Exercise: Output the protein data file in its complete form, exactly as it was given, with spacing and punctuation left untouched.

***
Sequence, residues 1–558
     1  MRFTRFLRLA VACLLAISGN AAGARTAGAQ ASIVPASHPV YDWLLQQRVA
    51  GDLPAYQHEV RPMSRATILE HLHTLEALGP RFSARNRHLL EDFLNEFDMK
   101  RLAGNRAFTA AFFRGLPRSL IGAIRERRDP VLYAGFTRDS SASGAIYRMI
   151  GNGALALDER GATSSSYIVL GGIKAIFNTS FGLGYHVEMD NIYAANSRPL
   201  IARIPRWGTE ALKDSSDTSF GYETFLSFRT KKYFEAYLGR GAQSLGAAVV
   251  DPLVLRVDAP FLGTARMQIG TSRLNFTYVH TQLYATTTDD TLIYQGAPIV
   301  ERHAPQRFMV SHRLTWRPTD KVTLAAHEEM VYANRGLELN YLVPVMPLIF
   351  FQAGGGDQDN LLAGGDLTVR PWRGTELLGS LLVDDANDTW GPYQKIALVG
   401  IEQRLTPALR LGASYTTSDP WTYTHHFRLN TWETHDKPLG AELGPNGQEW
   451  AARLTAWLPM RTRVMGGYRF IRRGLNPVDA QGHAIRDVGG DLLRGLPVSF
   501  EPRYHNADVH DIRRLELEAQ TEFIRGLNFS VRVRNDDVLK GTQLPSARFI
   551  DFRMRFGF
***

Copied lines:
Sequence, residues 1–558
     1  MRFTRFLRLA VACLLAISGN AAGARTAGAQ ASIVPASHPV YDWLLQQRVA
    51  GDLPAYQHEV RPMSRATILE HLHTLEALGP RFSARNRHLL EDFLNEFDMK
   101  RLAGNRAFTA AFFRGLPRSL IGAIRERRDP VLYAGFTRDS SASGAIYRMI
   151  GNGALALDER GATSSSYIVL GGIKAIFNTS FGLGYHVEMD NIYAANSRPL
   201  IARIPRWGTE ALKDSSDTSF GYETFLSFRT KKYFEAYLGR GAQSLGAAVV
   251  DPLVLRVDAP FLGTARMQIG TSRLNFTYVH TQLYATTTDD TLIYQGAPIV
   301  ERHAPQRFMV SHRLTWRPTD KVTLAAHEEM VYANRGLELN YLVPVMPLIF
   351  FQAGGGDQDN LLAGGDLTVR PWRGTELLGS LLVDDANDTW GPYQKIALVG
   401  IEQRLTPALR LGASYTTSDP WTYTHHFRLN TWETHDKPLG AELGPNGQEW
   451  AARLTAWLPM RTRVMGGYRF IRRGLNPVDA QGHAIRDVGG DLLRGLPVSF
   501  EPRYHNADVH DIRRLELEAQ TEFIRGLNFS VRVRNDDVLK GTQLPSARFI
   551  DFRMRFGF